Advocates are uncertain how far EPA will go in restricting paraquat, and underline that more public pressure is needed for EPA to act meaningfully. Other recent decisions by the agency on dangerous herbicides dicamba and glyphosate are not cause for much hope. After acknowledging a range of problems with dicamba formulations registered for genetically engineered crops, including an Office of Inspector General Report, a court case that noted the chemical “would tear the social fabric of farming communities” and completely vacated the registration, and a mea culpa from EPA’s acting assistant administrator that “political interference sometimes compromised the integrity of our science,” EPA went ahead and reregistered dicamba formulations with very few additional restrictions. On glyphosate, despite a range of high profile lawsuits, and strong links to cancer, the agency waited for a federal court to void its registration.

Perhaps EPA is trying to get ahead of the curve with paraquat. Rather than wait for a court decision and completely fail to hit mandated deadlines as the agency has done with glyphosate, EPA is requesting the ability to review paraquat at its leisure, with no deadline for a decision. Yet, experience with the agency shows that remanding “without vacatur” – (i.e., without removing paraquat from commerce) permits pesticide manufacturers to continue to sell their products without any new, protective regulatory measures.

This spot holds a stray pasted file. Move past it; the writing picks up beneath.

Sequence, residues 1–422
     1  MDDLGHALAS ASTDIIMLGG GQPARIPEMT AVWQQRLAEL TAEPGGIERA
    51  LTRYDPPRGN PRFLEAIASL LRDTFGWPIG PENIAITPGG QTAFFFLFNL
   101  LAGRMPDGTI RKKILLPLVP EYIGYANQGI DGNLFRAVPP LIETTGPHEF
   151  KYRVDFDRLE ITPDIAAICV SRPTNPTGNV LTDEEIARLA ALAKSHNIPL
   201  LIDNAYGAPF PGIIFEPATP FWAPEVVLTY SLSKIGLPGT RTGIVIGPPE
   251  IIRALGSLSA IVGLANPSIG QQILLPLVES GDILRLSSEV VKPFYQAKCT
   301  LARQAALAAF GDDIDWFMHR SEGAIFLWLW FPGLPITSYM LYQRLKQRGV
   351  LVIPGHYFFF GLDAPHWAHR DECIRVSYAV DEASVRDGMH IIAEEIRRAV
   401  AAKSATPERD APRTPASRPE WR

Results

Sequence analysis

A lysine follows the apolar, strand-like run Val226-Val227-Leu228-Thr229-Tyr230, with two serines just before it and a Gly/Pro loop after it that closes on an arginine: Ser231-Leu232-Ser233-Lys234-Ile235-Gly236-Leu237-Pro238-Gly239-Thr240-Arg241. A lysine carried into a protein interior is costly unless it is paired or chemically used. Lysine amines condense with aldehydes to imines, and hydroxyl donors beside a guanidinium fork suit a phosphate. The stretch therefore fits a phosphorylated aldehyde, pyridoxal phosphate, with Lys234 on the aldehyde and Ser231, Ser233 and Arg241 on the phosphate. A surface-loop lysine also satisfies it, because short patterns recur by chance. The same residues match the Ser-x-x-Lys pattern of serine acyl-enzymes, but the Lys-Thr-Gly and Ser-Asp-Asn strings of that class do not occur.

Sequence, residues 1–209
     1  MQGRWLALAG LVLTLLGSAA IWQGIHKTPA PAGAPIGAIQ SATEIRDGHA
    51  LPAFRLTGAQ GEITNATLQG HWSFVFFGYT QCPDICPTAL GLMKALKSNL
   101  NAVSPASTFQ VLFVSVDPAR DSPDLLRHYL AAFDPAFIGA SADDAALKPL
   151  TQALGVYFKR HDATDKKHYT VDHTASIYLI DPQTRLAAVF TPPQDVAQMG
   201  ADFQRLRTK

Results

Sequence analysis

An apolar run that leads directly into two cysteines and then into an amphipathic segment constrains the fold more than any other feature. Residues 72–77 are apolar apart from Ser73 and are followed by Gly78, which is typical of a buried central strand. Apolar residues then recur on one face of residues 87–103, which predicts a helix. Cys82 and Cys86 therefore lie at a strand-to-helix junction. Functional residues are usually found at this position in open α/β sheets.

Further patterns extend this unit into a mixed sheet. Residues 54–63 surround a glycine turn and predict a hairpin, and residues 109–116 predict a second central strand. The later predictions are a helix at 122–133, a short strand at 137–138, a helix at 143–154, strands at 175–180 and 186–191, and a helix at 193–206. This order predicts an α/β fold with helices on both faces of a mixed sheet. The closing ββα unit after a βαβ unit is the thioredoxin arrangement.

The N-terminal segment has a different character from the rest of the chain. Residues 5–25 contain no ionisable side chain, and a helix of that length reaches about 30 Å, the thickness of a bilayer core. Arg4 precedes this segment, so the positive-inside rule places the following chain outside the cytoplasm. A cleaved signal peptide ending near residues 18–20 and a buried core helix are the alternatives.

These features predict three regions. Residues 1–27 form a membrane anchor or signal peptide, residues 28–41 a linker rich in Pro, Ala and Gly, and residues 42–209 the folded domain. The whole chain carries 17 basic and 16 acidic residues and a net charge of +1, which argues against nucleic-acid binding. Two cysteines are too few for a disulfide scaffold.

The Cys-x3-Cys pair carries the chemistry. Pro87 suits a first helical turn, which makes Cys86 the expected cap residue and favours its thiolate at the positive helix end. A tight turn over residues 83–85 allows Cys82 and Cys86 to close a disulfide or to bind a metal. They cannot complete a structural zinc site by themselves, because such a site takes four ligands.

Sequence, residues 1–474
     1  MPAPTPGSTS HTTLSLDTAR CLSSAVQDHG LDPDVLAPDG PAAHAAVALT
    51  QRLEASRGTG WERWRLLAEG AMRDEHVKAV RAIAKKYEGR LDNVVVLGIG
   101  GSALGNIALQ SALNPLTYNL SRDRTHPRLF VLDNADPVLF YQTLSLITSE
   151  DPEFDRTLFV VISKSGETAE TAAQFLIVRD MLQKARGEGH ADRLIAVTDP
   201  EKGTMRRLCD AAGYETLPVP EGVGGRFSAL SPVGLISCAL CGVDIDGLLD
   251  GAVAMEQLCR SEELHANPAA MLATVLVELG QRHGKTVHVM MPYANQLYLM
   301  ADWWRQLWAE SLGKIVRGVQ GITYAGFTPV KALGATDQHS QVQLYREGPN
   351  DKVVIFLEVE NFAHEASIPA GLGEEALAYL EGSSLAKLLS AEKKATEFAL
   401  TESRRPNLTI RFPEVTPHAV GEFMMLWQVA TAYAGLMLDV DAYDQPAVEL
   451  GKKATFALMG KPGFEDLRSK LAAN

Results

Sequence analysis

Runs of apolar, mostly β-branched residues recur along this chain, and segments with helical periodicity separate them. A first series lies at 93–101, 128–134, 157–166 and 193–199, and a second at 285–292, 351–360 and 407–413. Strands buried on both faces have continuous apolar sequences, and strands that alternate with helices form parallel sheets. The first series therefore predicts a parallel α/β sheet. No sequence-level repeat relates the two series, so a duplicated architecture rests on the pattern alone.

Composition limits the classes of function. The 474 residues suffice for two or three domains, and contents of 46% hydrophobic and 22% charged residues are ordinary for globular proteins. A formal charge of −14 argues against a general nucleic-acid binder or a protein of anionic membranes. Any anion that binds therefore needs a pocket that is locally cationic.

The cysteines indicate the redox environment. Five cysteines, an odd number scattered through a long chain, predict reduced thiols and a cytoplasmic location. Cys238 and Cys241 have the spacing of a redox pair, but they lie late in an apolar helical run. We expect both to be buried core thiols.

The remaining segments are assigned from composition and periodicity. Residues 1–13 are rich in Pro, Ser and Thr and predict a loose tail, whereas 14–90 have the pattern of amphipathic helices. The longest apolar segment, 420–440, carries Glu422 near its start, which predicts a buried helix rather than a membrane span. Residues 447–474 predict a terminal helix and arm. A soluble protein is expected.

It is not acceptable to need to use the court system to force EPA to conduct the work it should always be doing to protect health and the environment. For too long, agrichemical companies have driven EPA to make decisions at the behest of their overpaid executives over the health and well-being of the general public. Join us in urging the Biden EPA to stand up to pesticide manufacturers by holding them accountable for the dangers associated with their products.

All unattributed positions and opinions in this piece are those of Beyond Pesticides.

Source: Ninth Circuit Court Filing, AboutLawsuits.com.

 

 

 

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One Response to “EPA Asks Federal Court to Allow Reconsideration of Its Decision to Permit Paraquat’s Continued Use”

  1. 1
    Jo Jones Says:

    Ban Paraquat! It is poison!